Time for a new Food Guide

ee-CanadaFoodGuideCanada’s Food Guide has long been a source of heated discussion. The latest controversy comes courtesy of a debate entitled, “Does Canada’s Food Guide promote weight gain?”. Ottawa’s Dr. Yoni Freedhoff, medical director of the Bariatric Medical Institute, squared off with Dr. Hasan Hutchinson, Director-General of the Office of Nutrition Policy and Promotion at Health Canada.

The Globe and Mail’s André Picard, in an article, “Why Canada’s Food Guide needs a dose of reality” sums up the debate and calls on Health Canada “to offer sound, scientifically based nutritional advice – despite the pressures coming from other parts of government to take into account the interests of the food industry – and the first step is creating a food guide that is useful in the real (obesogenic) world, not just the laboratory.

So what does an obesogenic world mean?

The examples are everywhere around us.  Take Canada’s Food Guide which recommends an average of six to eight servings of grain products each day. Once upon a time, before portion distortion became a reality, one slice of bread weighed an ounce and clocked in at around 65 to 70 calories. But just look at any typical supermarket bread shelf and you’ll find that slices are now averaging around 120 calories each. That means that for every two slices you consume, you’re actually getting what the Food Guide considers to be three slices. Then multiply this times the amount Canada’s Food Guide recommends and the calorie totals can soar.

But what role are food companies playing in promoting this overeating?

Let me tell you of one of my experiences. In my nutrition counselling practice, I regularly point out the bread issue and its contribution to expanding girth. I then offer the names of a few brands with one-ounce slices. One day, though, I came across one of these brands at Costco and was shocked to see that the slices there were almost 50 % larger. They were not thicker slices which meant that the portion distortion potential was even greater. With these larger surface areas, you need more filling to make a decent sandwich. So this means not only more bread but more of everything else as well.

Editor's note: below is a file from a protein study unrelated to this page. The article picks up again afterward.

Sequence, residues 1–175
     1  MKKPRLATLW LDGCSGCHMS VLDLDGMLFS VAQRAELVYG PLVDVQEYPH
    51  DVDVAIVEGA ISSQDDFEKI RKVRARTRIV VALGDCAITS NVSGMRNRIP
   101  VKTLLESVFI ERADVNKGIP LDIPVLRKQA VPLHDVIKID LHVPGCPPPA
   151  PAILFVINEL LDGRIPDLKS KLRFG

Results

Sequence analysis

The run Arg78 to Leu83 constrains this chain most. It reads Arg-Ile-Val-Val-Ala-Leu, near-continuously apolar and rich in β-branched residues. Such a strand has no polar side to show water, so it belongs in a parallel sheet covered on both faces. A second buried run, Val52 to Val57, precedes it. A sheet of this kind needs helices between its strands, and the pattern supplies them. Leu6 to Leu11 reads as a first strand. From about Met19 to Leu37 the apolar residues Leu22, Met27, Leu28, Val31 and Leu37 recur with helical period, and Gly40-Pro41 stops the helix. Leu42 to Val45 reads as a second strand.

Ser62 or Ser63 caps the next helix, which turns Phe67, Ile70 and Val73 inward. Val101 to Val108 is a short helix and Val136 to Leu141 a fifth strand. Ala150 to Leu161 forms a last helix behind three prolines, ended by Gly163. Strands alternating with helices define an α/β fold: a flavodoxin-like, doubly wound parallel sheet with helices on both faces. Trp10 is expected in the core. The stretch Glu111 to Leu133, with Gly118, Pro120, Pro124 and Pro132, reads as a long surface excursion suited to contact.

Yes, we definitely need help to navigate food these days. Health Canada – it’s now time to step up to the plate.
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What other examples of portion distortion do you come across? Please share in the comment section below.

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Categories: Rosie's Rants, Weight Management

Author:Rosie Schwartz

Rosie Schwartz is a Toronto-based consulting dietitian and writer.

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3 Comments on “Time for a new Food Guide”

  1. Elaine
    March 27, 2014 at 9:20 am #

    As an RD I also find it very frustrating at the “portion distortion” aspect of the Food Guide. Even just clarifying the difference between a CFG portion size vs a portion size e.g. CFG 1 serving pasta = 1/2cup vs plate portion which could be 2 cups (or 4 CFG servings)

    That being said, remember CFG is meant as a guide (not an absolute regime) for most healthy Canadians to meet their nutritional requirements. For specific health issues it needs to be individualized to address those issues.

    Btw, your graphic is not the most up-to-date version of CFG.

    • March 27, 2014 at 9:42 am #

      Thanks for your comments, Elaine. It is indeed frustrating! I also agree that it is only a guide but it is one that is used as a stand alone for many people. The average Canadian does not have anyone interpreting portions versus servings – the pasta is a great example! It also provides so little advice on how to eat in today’s real world.

      If food companies want input into what the food guide says – and we all know they do- then they should strive to adhere to the guide’s fundamentals. Portion size, such as 1-ounce slices of bread- would be a nice place to start!

      As well, thanks for pointing out the graphic error – I added the wrong file but have corrected it!

  2. Paula
    March 28, 2014 at 6:32 am #

    new Canadian Food Guide long overdue!

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